So this is what I meant by computers being part of the solution for poverty, dear ICU debate teacher. Of course basic education is needed as well, but a computer is also a learning device. I'm sure many kids in developed countries have learned to read and write (or type) by using a computer. I personally learned English a lot through Sierra's adventure games and learned the basics of Japanese through material which I downloaded off the internet. With free laptops distributed by the millions for free to kids in developing countries they will have this chance as well. Based on what I've read a version of Wikipedia will be included with the computers, among other educational software. I hope they don't forget the games, they provide great motivation.

Thursday, July 13, 2006

Microsoft fined -- crazy?

Microsoft got a 270 million euro fine. Umm... seems strange that EU can fine a largely American company. I mean if you think about it, they really should fine Microsoft as much as possible if they are allowed to. After all, it's money coming straight from USA to EU's coffers. Let's fine every American company to their full worth and EU will definitely become the superpower of superpowers! I'm sure we can find something to accuse them of.

Tuesday, July 11, 2006

Loituma craze part 2

I just noticed that according to Google Trends, loituma is now more popular than Hamasaki Ayumi!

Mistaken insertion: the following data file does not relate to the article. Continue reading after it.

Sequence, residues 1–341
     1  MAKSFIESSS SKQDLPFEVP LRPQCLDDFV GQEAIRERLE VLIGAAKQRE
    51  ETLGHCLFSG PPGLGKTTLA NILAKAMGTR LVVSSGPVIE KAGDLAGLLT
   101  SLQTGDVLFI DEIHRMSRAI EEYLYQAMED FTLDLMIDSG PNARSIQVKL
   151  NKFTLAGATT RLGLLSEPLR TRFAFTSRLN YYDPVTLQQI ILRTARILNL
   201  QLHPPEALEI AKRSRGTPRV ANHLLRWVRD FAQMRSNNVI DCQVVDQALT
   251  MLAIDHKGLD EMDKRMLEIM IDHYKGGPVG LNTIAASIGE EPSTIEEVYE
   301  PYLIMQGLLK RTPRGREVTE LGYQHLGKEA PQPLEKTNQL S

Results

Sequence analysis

Evil Dr. Kraft acquires biscuit company

Kraft acquires United Biscuits Spain... for 522 MILLION DOLLARS *evil laughter*

"The selection and placement of stories on this page were determined automatically by a computer program" A computer program with a geeky sense of humor apparently.

Monday, July 10, 2006

Loituma craze

An already folded Finnish band got it's song used in a Flash video which has been spreading now like wildfire around the net. The band is surprised but welcoming the publicity. First time I've ever seen major newspapers write about a flash video. The band has even received fanmail from people who started to like them after seeing these vids.

Sulake Gets $7M Funding From Japan

Online and mobile games company Sulake Corporation has received $7M funding from Japanese SoftBank BB, Asian Groove formed Movida Group. Sulake is the Finnish interactive entertainment company which created the popular Habbo Hotel series of games. Habbo hotels operate in multiple language versions in 18 different countries and receive 7 million uniques visitors each month. Movida Group believes Habbo Hotel has great chances of becoming popular in Japan as well.

TalousSanomat (Finnish)
Sulake press release

Pirate Bay ad revenues being sent to a Swiss bank account?

This is a quick translation of an article which appeared in Finnish. If you understand Finnish then by all means read the original instead.